While I love pumpkin spice like everyone else, what I really love, when fall comes around, is spicing up everything in my life with winter squash and decorative gourds* of every kind—especially pumpkins.
I decorate the rooms of my boho-chic caravan with pumpkins—sometimes plain, sometimes accented with various symbols and other embellishments. I place a large autumnal display featuring pumpkins and gourds outside my front door. I place a smaller display on the alter I use for various seasonal blessings.**
Of course, I don’t limit my spicing to decor alone. I adore pumpkin bread not to mention cakes and pies. Speaking of pies, I will place a pie on my windowsill as an open invitation to stop and talk, by anyone daring enough to take me up on the offer. It’s my way of offering hospitality to those within the Wanderlore Groves while gaining insight into the life I’m still accustoming myself to. It also allows me to find baking partners for any future projects I’m planning on embarking on.***
Pumpkins also spice my memories of growing up in Cratersville. I don’t know what prompted Poppy and I to start our pumpkin escapades, all I know is that we thought that if an elegant coach can turn into a pumpkin at midnight then we can surely turn a pumpkin into something elegant (or surprising) which would be so much better.
We didn’t stop at one pumpkin either. With our Creation Books we could create as many pumpkins as we wished. We placed the pumpkins around town—at the front of shops, on the porches of houses, anywhere we could think of that wouldn’t draw too much ire of the local killjoys who detested the blatant propagation of illicit magical contrivances.
Not that we went about announcing what we were up to, but people naturally suspected we were up to something when we were out and about, especially when we were handing out pumpkins to perfect strangers like they were halloween candy.
Our special pumpkins decorated with stickers, glitter glue and little rainbow orbs stood like sentinels from mid-October thru the fourth Thursday of November. People smiled as they saw them—at least those who weren’t stick-in-the-muds. After several weeks on display, everyone decided that the pumpkins were innocuous and possibly worth keeping around just a little while longer.
That’s when the pumpkins delivered their surprise—at the stroke of midnight—on Thanksgiving night. Few were awake to see the transformation that our magic wrought on the pumpkins. But everyone saw the following morning that instead of pumpkins on porches and at store fronts there were small Winter Wish Trees decorated with ribbons, tinsel and little twinkling lights.
The season of pumpkins had given way to the season of holly and lights. Soon little creatures gathered around the magical trees. They sang funny songs about reindeer as well as songs of joy and redemption. People couldn’t help but congregate to partake in the good cheer…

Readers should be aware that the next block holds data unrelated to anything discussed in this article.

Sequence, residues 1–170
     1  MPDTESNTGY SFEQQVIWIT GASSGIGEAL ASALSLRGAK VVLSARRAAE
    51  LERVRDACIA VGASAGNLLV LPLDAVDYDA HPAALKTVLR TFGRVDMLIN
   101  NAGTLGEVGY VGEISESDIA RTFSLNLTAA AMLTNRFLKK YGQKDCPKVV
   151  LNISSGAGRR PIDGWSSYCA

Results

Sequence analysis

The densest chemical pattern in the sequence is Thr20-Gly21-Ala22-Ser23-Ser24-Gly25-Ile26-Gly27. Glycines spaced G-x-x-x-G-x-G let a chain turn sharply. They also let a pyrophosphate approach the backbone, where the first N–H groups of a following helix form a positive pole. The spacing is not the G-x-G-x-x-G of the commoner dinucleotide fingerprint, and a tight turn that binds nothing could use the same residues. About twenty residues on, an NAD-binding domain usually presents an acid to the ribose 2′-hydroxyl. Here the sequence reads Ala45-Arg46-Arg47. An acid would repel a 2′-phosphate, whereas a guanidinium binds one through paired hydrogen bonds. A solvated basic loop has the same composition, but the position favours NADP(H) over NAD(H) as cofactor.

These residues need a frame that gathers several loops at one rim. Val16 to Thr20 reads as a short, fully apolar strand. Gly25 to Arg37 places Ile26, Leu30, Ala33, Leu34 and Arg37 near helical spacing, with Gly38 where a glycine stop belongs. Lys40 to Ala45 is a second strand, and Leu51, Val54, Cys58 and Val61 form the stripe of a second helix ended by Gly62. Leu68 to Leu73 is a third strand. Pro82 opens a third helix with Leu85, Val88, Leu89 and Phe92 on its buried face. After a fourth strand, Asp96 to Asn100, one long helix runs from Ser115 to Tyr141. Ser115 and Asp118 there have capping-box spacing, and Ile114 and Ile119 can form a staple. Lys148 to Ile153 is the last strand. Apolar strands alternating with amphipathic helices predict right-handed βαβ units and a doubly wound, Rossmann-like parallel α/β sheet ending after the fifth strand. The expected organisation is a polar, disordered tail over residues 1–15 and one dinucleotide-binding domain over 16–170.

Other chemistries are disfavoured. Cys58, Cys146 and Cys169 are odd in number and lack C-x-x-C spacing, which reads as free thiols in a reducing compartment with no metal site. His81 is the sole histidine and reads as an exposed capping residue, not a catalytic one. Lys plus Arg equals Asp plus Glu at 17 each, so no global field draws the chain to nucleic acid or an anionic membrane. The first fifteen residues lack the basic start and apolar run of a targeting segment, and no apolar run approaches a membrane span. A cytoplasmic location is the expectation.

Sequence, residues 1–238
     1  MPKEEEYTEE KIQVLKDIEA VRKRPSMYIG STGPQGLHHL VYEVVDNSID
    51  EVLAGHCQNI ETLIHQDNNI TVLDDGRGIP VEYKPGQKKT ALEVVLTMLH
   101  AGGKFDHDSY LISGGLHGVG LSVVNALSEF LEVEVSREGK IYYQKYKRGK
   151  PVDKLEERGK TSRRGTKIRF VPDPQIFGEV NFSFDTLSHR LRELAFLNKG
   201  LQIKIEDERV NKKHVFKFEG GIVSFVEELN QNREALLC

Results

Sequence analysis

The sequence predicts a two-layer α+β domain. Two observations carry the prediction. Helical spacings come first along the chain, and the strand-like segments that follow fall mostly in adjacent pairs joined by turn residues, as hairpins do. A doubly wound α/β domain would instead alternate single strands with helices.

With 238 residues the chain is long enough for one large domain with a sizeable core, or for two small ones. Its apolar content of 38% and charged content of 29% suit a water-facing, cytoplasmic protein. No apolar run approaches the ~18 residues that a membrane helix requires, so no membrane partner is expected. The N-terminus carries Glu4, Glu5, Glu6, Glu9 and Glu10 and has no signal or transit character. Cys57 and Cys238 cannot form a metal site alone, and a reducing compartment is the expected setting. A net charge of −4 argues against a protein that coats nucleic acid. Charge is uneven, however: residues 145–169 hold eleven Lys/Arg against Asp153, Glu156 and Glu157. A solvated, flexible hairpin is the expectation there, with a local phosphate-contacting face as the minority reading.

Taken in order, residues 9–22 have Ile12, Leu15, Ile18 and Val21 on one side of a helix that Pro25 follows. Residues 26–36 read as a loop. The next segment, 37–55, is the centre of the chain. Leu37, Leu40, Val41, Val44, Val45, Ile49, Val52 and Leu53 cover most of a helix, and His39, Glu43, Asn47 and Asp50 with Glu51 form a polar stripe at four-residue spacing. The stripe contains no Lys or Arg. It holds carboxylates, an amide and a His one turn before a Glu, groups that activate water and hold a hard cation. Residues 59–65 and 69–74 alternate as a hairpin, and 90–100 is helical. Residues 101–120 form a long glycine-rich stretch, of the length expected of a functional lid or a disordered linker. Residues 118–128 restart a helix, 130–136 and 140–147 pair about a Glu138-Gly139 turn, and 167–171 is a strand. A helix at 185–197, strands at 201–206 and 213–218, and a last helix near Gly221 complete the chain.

As I conclude this very fond memory of autumns past, let me wish you a pumpkin-spiced birthday that leads to a holly day season of peace, love and much merrymaking with just a touch of magic sprinkled in.
You deserve it my gobble, gobble, great November babies!
—Jellybean Reds, Creator of Little Creatures
*a little botanical clarification for all you city folk out there: gourds are mostly used for decorative purposes and because of their hard shells they can be used to create things such as musical instruments, bird houses, utensils and other decorative items depending on the type of gourd you’re talking about. Pumpkins are sometimes referred to as being a gourd, however this is a more informal designation. Pumpkins are actually squashes and squashes are mostly delicious though they can be used to create interesting centerpieces.
**I’ve incorporated many new practices into my magical repertoire since starting to live amongst the various Wanderlore tribes. Rituals and observances are shared amongst Wanderlores like favorite recipes, and like a new acquired recipe these rituals are personalized before being passed on again. I’m not really sure at this point how much any of our rituals are true to the original practices on Earth, but—like most rituals—the power comes from the focus and intention one gives to the ritual and to connecting with the Magic—everyone in their own way.
***Baking and me have a love/hate relationship. I find that having a baking partner limits the distractions that lead to overcooked eggs, scorched pots and burnt toast—especially if my baking partner knows what they’re doing. Having company also allows me to share my culinary productions while cultivating relationships with those I wish to know better.